Muskellunge (muskie for short) are similar looking to pike, with elongated bodies and a mouth of sharp teeth. They are a popular sport fish and are often elusive and difficult to find. Fishing on the Buffalo Harbor, the upper and lower Niagara River and the St. Lawrence River are all great fishing spots for muskie.
The biggest muskie ever caught in New York was almost 70 lbs! It was pulled from the St. Lawrence River by Arthur Lawton on Sept. 22, 1957. The exact weight was 69 lbs 15 oz, and it measured 64 ½ inches long! That is more than 5 feet, definitely a trophy fish worth bragging about!
Now to some of the biggest coastal fish – from surf fishing to deep sea fishing there are enormous fish to be had off the coast of New York. Long Island is around 120 miles long with multiple fishing piers as well as charters for fishing further out. Captree State Park has four piers and is a popular location but there are plenty of spots to choose from. Of the five biggest saltwater fish on our list four of them are no longer allowed to be fished due to conservation reasons. These records have been retired: bluefin tuna, mako shark, blue marlin and great white shark. You can still try to beat the tiger shark record…if you dare. Remarkably all five on our list are more than 1,000 pounds!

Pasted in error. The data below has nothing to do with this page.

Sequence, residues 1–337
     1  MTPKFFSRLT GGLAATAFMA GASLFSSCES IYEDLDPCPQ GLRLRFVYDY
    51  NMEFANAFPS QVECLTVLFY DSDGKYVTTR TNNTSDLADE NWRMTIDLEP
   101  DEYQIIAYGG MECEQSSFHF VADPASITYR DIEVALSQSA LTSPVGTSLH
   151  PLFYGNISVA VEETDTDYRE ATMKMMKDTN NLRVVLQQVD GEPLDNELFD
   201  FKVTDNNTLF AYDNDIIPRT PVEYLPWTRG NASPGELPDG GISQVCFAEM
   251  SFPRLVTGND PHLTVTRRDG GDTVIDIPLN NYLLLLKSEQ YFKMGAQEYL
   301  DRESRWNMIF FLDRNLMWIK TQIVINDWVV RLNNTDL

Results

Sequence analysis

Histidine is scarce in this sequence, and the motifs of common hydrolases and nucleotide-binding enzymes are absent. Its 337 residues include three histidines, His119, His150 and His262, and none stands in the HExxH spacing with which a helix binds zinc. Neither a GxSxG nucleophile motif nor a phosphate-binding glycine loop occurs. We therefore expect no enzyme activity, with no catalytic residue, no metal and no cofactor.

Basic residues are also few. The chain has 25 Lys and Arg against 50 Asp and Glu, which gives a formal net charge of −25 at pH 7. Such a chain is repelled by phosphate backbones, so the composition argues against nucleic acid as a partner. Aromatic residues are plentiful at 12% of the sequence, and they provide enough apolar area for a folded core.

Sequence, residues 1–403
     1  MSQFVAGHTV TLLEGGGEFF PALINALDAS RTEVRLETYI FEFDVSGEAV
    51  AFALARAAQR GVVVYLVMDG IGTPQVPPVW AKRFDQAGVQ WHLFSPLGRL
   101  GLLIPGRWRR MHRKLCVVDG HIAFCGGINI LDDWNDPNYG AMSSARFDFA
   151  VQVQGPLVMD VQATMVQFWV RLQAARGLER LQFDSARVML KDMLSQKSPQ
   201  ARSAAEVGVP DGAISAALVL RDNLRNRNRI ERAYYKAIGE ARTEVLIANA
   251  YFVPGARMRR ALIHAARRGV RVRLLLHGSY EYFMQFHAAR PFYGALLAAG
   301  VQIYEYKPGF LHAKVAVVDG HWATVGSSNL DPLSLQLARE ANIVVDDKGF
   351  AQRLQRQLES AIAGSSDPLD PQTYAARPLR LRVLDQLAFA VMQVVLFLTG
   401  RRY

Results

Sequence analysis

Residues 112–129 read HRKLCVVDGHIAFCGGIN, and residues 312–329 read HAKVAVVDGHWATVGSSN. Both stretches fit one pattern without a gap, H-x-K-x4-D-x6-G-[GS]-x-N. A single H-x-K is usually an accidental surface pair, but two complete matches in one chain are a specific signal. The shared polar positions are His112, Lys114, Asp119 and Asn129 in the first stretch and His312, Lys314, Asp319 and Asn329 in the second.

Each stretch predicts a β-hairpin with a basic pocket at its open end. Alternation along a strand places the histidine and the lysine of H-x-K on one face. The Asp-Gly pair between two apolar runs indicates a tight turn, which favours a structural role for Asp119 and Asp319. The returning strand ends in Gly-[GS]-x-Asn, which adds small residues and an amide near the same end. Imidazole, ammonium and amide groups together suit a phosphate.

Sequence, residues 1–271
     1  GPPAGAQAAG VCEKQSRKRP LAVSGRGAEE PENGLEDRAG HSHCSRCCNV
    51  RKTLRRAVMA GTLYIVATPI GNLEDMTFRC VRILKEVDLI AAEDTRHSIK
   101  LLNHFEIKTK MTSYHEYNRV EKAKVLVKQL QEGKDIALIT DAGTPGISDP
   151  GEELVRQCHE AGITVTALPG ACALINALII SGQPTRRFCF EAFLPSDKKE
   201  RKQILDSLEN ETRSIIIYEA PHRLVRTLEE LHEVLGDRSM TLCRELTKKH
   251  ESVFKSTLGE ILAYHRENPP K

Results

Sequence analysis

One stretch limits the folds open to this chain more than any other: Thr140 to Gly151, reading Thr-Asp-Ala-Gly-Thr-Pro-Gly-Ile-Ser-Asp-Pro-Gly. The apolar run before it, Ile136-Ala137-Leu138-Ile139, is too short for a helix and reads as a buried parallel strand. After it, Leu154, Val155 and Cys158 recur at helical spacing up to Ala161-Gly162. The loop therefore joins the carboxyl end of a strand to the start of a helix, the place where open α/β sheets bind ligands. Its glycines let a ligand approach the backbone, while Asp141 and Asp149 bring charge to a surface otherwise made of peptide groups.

5) Bluefin Tuna: 1,071 lbs
You may be familiar with bluefin tuna from the popular television show Wicked Tuna. The fishermen in search of the biggest tuna on the show are looking for western Atlantic bluefins. Unfortunately, the population of bluefin tuna has been compromised due to overfishing over the past 50+years.
The record for the biggest bluefin tuna caught in New York is from 45 years ago. On August 21, 1977, Larry Thompson, from Montauk, NY, reeled in a 1,071 lbs bluefin. Bluefins are the largest of the tuna species and also the ones that migrate the furthest. So although this one was caught off the coast of New York the school it swam with could end up thousands of miles away!
4) Mako shark: 1,080 lbs
One of the biggest fish in New York is the mako shark. The challenge with catching mako sharks are their speed. Shortfin makos are the fastest sharks in the sea and can reach speeds of 46 mph in short bursts. You can imagine the battle that may ensue after snagging a fish that can take off that fast.
The biggest mako shark ever caught in New York was caught by James Melanson on August 26, 1979. His shark weighed in at 1,080 lbs making it the all-time record catch. Mako sharks are considered endangered by the IUCN and no longer eligible for records so this record has also been retired.
3) Tiger Shark: 1,087 lbs